Matthew 24

The disciples of Jesus, who were all Jewish, were enamored with the great temple in Jerusalem — and you would have been, too. It was one of the architectural wonders of the world. As they pointed out its design to Jesus, He said something shocking: “This temple will be completely destroyed.” As Jews, the disciples summarized (correctly) that such an awful event must be connected to the end of the world in some way.

When they asked about the timing of the end times, Jesus sat down on the Mount of Olives (v.3) and delivered a lengthy answer that is known as “the Olivet Discourse.”

I am faced with two challenges in blogging about this important prophetic chapter: (1) it is a long chapter with more teaching than space allows me to cover here; and (2) there are many different interpretations of the various points of prophecy here. It will raise more questions than I can answer with certainty. I tend to focus more on the “big picture” of prophecy than the details anyway, so that is how I will write about it. Here goes…

Human history, as we know it, is coming to an end. We live in a time in which the gospel is being proclaimed, people are being saved, and churches are doing Christ’s kingdom work. But (v.14) “the end” will come to those activities and to this age of grace.

The world as we know it will end with a cluster of magnificent and magnanimous events. Jesus will appear to gather all believers (v.30-31). No one knows what that will happen, but we know that Jesus will return with power and great glory (v.30). It will be unexpected (v.44), and it will happen as fast as lightning (v.27). Some will be prepared because they have trusted Jesus as Lord and Savior, but many will be left behind (v.40-41). Believers must be prepared and found busy doing to the work of the kingdom when Jesus returns (v.46).

In verses 4-12 Jesus tells us the “labor pains” that will signal the end. There will be a great and simultaneous upheaval in the natural world, the political world, and the spiritual world. We have always had wars, natural disasters, religious persecution, and international conflict — but not with the frequency, the intensity, the variety, and the force of what Jesus describes.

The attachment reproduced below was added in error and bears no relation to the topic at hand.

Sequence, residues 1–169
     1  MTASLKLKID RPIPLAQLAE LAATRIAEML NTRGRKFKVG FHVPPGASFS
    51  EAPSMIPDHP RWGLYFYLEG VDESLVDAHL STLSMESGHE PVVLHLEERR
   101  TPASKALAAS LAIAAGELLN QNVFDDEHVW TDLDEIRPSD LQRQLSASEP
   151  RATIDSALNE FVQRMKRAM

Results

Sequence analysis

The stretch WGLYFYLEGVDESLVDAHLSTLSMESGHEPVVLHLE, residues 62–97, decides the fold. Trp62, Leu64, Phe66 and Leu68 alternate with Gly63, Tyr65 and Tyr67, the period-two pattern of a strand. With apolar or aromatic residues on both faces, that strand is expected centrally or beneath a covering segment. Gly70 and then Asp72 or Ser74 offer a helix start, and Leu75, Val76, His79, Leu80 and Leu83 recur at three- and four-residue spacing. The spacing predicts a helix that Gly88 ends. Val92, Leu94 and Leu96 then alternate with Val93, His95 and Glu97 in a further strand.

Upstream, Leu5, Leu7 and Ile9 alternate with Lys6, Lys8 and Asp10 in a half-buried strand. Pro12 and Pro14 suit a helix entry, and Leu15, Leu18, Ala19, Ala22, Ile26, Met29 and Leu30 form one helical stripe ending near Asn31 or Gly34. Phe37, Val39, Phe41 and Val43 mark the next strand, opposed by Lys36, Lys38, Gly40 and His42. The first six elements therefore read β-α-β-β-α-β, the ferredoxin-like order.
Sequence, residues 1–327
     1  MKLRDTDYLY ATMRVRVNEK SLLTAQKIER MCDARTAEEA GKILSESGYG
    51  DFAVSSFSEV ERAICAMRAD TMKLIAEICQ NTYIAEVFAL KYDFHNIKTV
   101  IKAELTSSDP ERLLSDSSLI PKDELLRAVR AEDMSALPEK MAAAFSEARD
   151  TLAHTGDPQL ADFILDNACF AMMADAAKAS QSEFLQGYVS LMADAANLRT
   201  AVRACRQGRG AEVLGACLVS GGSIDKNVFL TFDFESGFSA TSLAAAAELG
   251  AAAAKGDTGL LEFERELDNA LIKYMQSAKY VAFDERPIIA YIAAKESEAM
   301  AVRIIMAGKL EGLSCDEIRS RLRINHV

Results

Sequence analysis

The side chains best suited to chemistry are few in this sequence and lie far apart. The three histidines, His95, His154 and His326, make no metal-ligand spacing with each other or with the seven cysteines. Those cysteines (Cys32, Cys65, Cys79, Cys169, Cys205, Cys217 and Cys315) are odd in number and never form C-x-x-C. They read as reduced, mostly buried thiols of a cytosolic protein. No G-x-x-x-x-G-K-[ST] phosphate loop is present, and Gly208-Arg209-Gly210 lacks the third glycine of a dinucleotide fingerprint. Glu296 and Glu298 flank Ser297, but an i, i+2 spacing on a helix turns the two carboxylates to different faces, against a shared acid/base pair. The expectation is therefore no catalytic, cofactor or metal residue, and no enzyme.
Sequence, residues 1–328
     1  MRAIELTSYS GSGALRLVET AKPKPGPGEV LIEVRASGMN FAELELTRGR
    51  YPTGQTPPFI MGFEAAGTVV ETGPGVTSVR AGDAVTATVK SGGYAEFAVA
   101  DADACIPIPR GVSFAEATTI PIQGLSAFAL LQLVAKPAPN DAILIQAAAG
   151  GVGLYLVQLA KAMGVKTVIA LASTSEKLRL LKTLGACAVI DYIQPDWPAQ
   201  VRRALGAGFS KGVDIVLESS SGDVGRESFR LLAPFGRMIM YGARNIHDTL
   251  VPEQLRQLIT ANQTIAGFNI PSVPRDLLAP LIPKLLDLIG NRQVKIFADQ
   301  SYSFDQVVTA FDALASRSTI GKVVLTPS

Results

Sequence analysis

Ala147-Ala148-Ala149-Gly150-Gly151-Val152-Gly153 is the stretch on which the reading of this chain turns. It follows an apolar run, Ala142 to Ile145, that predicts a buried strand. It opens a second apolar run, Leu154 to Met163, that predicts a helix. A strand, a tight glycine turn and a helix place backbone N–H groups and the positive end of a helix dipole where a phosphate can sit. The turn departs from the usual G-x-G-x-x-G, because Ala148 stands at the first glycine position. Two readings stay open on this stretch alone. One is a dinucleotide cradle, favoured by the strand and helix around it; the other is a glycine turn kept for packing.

Morally, the end times will be as wicked as in the days of Noah when God destroyed all but six people with a flood (v.38). Just as it was back then, most of the people will be caught in their sin when Jesus returns, unaware that they are about to be swept away in a flood of judgment (v.39).

I do not have the knowledge or the time to develop other important themes in this chapter: the destruction of the temple in 70 AD, the “abomination of desolation” (v.15), the lesson of the fig tree in relation to Israel (v.32-34), and whether or not we should take the events of verses 29-31 chronologically.

What I know clearly is that Jesus is Lord over time and history, He is returning for His bride, and things are going to get increasingly worse until He comes. In fact, things are pretty bad right now. As Adrian Rogers used to say, “It’s getting gloriously dark!” Jesus is coming soon!

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